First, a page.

to cultural interactions Fast pace of lessons makes depth and practice

    difficult Larger class sizes Homogeneous groups Collaboration with Content Area Teachers

  • 8th Grade Humor Unit Forms: Idioms - essential to understand play on words Verb phrases Prepositional phrases Exaggeration superlatives

    Functions: Literary Analysis Describing Compare/Contrast

  • Assisting with the integration of ELD lessons into students homeroom classrooms.

    Coaching and mentoring all classroom teachers to modify current practices to better align to the specific needs of the English Language Learners in their classrooms.

    Helping to create assessments for reading, writing, listening, and speaking that effectively target the learning objectives for ELL students.

  • Curriculum Mapping to look for ways to

    integrate language forms and functions into their existing lessons and content areas.

    Push-in classroom support by coaches for ELL students.

  • Suggest teaching practices that provide the best fit for the needs of the ELL students.

    Modeling Sheltered Instruction techniques. Model ELPD lessons Co-Teach lessons Professional Development during staff meetings

    and after school times.

  • Providing test data to teachers for analysis: OAKS ELPA ADEPT Woodcock-Munoz Language Survey Common Formative and Summative classroom


    Using data derived from intervention strategies to inform instruction.

  • Focused Approach components woven into lesson plans and identification of forms and functions

    GLAD a natural fit, incorporates learning language throughout the content lessons

    Reciprocal Teaching focuses on academic Reading comprehension and building language skills for all students

    SIOP already includes language objectives in planning and execution of lessons

    Constructed Meaning strong focus on front loading and incorporating explicit language instruction into content instruction

  • Moving from a stronger emphasis on discreet grammar and vocabulary with the ultimate goal of near native like control of language

    Moving to achieving the standards in Reading, Writing and Math while continuing to develop necessary language skills within specific content areas

  • New ELPD standards tied to CCSS Recommendations found in Framework for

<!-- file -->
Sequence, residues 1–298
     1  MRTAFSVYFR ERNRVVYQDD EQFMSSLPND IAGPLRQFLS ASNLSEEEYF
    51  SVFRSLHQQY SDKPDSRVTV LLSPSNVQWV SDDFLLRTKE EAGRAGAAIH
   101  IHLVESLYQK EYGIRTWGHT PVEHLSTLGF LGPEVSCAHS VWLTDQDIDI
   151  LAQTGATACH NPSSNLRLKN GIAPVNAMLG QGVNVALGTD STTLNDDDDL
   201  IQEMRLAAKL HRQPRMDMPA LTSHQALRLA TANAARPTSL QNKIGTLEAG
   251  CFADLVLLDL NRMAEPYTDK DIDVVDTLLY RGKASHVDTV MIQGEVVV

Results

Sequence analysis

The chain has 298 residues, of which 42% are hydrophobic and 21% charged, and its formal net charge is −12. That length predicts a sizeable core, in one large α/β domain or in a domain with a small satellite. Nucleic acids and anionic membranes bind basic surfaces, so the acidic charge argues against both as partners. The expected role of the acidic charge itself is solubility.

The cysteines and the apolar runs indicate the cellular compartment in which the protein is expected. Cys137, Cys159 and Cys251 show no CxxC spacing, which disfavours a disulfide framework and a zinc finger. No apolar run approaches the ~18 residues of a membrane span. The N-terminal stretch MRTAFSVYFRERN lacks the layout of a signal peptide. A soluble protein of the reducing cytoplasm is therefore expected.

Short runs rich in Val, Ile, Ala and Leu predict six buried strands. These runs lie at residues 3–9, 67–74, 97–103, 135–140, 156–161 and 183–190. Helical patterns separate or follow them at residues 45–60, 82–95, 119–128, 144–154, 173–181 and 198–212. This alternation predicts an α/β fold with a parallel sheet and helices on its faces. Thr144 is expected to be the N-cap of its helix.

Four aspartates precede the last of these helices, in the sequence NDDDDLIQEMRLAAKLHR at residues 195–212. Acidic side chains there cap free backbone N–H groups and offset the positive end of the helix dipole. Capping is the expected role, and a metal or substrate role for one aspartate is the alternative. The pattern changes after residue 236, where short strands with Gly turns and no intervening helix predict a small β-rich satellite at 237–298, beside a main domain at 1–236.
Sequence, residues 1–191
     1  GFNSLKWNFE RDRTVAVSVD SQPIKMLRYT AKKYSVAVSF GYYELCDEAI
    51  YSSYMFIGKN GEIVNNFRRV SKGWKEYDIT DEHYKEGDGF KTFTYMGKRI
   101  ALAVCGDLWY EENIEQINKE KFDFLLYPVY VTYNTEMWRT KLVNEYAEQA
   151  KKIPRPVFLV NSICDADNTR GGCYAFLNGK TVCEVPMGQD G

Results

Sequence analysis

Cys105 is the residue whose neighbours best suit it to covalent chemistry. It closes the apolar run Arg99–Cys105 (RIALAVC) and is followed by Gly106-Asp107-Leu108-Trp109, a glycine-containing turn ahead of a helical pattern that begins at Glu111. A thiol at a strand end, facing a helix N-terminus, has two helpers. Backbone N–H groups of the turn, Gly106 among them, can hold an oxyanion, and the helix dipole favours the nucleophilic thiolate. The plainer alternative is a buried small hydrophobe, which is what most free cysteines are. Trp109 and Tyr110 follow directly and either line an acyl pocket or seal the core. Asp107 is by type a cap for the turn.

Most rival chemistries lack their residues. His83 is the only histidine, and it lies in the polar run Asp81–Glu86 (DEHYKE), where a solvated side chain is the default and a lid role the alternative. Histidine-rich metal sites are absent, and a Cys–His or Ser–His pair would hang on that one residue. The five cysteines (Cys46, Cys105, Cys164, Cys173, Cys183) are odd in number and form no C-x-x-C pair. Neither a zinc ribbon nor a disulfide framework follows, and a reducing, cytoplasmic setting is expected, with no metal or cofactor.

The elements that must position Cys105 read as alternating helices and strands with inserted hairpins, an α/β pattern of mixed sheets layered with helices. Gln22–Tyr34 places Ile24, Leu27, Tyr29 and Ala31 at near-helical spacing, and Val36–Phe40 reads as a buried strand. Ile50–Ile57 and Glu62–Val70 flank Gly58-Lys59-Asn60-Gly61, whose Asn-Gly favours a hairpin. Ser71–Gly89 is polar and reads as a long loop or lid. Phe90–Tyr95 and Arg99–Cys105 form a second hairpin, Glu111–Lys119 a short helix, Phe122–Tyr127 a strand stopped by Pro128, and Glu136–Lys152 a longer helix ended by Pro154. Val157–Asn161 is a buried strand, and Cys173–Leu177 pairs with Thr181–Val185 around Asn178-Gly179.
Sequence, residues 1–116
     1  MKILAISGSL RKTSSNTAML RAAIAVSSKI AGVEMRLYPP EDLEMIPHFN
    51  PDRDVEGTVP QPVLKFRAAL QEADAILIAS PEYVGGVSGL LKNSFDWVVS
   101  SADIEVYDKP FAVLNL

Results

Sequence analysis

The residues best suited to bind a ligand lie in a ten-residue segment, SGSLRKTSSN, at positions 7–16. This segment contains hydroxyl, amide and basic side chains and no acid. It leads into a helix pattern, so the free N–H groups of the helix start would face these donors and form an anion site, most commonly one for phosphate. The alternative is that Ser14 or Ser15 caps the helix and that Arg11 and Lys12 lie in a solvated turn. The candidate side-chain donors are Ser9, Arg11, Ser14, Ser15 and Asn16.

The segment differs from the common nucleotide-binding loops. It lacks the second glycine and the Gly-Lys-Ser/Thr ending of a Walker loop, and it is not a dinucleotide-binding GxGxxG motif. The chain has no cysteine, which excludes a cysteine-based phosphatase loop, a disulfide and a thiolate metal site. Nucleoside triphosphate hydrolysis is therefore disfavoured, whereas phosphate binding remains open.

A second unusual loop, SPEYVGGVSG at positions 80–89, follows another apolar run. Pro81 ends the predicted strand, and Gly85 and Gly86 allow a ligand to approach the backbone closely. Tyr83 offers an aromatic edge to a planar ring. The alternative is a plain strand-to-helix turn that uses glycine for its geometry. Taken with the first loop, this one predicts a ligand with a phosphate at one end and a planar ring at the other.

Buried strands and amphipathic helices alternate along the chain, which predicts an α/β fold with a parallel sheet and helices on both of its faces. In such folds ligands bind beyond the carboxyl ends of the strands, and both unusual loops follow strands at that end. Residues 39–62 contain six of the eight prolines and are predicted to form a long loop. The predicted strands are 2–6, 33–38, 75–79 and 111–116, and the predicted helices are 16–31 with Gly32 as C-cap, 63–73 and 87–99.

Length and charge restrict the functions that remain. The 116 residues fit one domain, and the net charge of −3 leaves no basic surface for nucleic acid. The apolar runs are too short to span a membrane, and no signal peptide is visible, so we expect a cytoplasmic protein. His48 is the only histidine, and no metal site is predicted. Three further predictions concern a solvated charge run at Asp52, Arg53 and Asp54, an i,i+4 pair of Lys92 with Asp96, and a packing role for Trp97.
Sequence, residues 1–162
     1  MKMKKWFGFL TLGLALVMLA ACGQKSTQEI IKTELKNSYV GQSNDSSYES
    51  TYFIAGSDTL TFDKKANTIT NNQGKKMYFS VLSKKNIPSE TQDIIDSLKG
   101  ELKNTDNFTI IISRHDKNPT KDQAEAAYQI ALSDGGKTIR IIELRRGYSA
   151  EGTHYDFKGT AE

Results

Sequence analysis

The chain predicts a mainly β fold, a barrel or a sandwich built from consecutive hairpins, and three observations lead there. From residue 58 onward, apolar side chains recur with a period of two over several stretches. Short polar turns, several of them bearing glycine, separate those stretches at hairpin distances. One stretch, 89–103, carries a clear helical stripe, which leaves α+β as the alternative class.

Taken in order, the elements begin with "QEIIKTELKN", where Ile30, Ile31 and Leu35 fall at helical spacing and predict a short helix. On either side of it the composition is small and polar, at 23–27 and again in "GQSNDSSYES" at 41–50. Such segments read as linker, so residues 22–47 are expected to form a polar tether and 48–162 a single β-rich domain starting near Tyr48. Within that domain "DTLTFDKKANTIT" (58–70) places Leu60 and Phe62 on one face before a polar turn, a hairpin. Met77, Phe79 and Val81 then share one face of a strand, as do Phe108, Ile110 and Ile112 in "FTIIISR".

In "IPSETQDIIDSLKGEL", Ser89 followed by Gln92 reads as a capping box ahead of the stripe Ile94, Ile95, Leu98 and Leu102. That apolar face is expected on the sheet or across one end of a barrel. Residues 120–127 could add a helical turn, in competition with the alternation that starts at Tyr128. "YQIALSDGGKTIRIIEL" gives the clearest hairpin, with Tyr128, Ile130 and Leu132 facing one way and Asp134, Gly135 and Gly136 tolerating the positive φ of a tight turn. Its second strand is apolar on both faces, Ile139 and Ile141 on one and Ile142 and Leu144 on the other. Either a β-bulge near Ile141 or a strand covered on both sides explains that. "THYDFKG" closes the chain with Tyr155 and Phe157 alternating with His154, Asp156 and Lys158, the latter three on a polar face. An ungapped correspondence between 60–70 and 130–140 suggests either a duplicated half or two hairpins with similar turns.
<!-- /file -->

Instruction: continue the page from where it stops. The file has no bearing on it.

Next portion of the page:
English Language Proficiency Development Standards corresponding to the Common Core State Standards and the Next Generation Science Standards Council of Chief State School Officers (2012)

    Emphasis on language practices necessary to meet rigorous demands of new CCSS and Next Generation Science Standards

  • Initial Challenges: Internalization of blame Creating an environment of Buy in Transitive nature of mandates Implementation in a Bilingual classroom

    Current Challenges: Creating district wide formative assessments Expansion to other elementary schools Expansion to secondary schools Building in time for planning and review

  • Collection of data Ongoing Professional Development Continuing support from administration and

    WOU experts Increased teacher confidence in delivering

    Contextual ELD Teachers and students better prepared to

    meet the higher expectations of the Common Core State Standards

    Increased student performance!

  • Dr. Maria Dantas-Whitney dantasm@wou.edu

    Dr. Carmen Caceda cacedac@wou.edu

    Dr. Rob Troyer troyerr@wou.edu

    Dr. Jannice Link-Jobe jLink-jobe@central.k12.or.us

    Steve Tillery stillery@central.k12.or.us

    Andy Kronser akronser@central.k12.or.us

    Laura Zinck lzinck@central.k12.or.us


    Contextual ELDLeadership TeamBrief History and Description of this ProjectThe data show.The data conttransformation beginsPartnership with wouProject LuisaDevelopment of partnershipDevelopment of partnershipDESIGN: Guiding Principles DESIGN: schedule of activitiesSession snapshot: theoretical foundationsSession snapshot: instructional modelSession snapshotsSlide Number 16Session snapshot: Practical applications secondarySession snapshot: Practical applications secondary cont.Session snapshot: Practical applications secondary cont.CoachingCoaching Cont.Professional developmentOngoing Data analysisHow does this fit in with other ELL strategies?What does that mean?CCSS ELPA 21 and beyond What do we know now?ChallengesHigh Expectations for the future!Contact Information